Relo companies usually make better deals as they require the properties to be maintained or maintaind to saleable level. Continue your due diligence.. and treat this as a better than regular deal. As it probably is.
All good advice from the agents who responded so far. I live in Livingston, my ofice is in Caldwell. I am a Coldwell Banker real estate broker. My office handles many of the Cartus relocation transactions. As a home buyer, your written offer must be presented within 24 hours.
With relocation companies (not just Cartus), the transferee is given a price at which the relocation company is willing to purchase the property. If your offer is less than the seller's corporate buyout number, of course, the seller will be more eager to accept the buyout from the relocation company than your offer.
When a home sells for less than the buyout offer, often the transferee's company may have to make up the difference (or a percentage of the difference) to the employee. This is not always the case. Each relocation and transferee have terms that have been negotiated between the relocation company and the employer. Often, your offer needs to go through a few channels before a response can be given. Unfortunately, it might take more time.
However, you needn't wait around forever. If the relocation doesn't respond quick enough, they just may lose you as a buyer. A good real estate agent can advise you on a strategy for working with the relocation company and/or helping you evaluate your options. If you have further questions, I'd be happy to help you if I can. I can be reached via Trulia or by email RBruckner31@gmail.com . Good luck to you!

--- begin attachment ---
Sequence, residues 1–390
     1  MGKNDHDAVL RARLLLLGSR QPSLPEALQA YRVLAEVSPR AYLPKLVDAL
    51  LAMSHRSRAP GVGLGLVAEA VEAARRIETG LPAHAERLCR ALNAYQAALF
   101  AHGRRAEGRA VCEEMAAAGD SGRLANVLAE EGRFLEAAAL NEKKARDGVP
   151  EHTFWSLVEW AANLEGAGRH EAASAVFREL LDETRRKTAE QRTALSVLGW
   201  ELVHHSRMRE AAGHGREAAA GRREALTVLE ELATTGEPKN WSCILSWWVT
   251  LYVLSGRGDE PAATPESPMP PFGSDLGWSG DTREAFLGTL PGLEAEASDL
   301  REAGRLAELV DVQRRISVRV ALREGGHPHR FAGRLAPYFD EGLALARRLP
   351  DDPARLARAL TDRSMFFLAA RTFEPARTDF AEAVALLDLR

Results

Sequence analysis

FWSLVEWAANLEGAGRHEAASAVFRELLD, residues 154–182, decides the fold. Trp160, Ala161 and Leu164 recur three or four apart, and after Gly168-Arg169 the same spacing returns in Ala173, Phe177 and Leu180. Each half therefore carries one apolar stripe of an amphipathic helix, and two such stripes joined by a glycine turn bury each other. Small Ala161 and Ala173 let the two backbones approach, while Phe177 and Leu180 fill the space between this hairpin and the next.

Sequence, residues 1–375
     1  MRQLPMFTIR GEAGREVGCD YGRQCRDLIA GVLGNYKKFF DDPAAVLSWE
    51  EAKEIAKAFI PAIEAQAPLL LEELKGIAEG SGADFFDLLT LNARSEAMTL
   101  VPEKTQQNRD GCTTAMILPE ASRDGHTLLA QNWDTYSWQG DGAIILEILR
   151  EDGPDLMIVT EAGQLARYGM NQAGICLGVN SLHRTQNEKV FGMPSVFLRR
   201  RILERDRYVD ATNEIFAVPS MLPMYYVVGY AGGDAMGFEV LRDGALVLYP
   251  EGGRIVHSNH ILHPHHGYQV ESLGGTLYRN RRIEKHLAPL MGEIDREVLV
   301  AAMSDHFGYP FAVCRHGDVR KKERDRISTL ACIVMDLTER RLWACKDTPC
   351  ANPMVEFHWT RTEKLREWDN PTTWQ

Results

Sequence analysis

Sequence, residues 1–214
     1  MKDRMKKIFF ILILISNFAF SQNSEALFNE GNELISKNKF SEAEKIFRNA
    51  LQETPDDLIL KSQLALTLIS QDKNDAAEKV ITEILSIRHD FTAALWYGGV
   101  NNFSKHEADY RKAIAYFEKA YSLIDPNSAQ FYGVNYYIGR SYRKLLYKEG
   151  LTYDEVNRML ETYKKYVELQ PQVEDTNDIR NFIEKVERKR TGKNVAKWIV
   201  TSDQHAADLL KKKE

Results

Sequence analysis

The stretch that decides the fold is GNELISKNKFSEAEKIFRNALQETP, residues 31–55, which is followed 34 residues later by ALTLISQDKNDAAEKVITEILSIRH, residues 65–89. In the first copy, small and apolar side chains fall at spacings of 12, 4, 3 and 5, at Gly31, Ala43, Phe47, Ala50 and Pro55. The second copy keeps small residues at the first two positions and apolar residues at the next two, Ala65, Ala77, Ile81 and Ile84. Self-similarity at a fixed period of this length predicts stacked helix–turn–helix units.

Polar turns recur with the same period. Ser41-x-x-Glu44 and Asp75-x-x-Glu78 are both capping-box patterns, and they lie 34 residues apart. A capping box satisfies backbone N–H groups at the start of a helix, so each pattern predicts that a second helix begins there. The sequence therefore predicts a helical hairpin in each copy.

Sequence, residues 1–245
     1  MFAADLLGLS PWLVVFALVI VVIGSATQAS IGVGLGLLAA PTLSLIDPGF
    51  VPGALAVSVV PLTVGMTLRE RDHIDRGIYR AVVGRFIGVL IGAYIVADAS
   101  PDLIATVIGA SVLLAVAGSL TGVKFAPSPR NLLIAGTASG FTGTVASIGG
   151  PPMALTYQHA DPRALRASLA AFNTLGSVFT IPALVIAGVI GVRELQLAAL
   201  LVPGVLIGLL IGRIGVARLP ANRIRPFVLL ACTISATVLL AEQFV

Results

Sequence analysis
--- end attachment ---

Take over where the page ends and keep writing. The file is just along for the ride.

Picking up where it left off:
Relo deals can be good ones -you know you have a true seller - they will move.
Good luck to you,
Unwavering Commitment to Serivce, Unsurpassed Results
You're not buying from Cartus (at least not yet), you're buying from the seller. The seller is incentivized by Cartus to sell the property without a buy-out. But that does not mean that Cartus will pay the buyer MORE than your offer.
Cartus will be offering the seller "benefits" that their company provides... such as paying some of their fees (ie: moving, utilities, survey, lawyer, and sometimes commission, depending on their plan).
Treat this just like a normal purchase. Negotiate with the seller. The only thing that I've found that Cartus will NOT do, is accept an offer that's contingent on the buyer's sale of their home.
I just closed a Buyer in CA who purchased a Cartus relocation home. First off your agent and the listing agent should be in communication about the process and your offer will be based on market value and what you want to pay. I suggest you get your own inspections even though Cartus will supply one I personally found their inspections not up to par on my inspectors. My client inspections revealed several items but Cartus was not willing to make repairs. They did however agree to a credit towards closing cost that my buyer could put towards their repairs. It didn't cover everything but the buyers were happy.
Response time was slow, about 3 to 10 days for some things, but relatively easy to deal with. They do have A LOT of disclosures and addendum you need to sign so be sure you and your agent understand what you are agreeing to.
Each home, State, and transaction is different so this is just one example. All the best to you.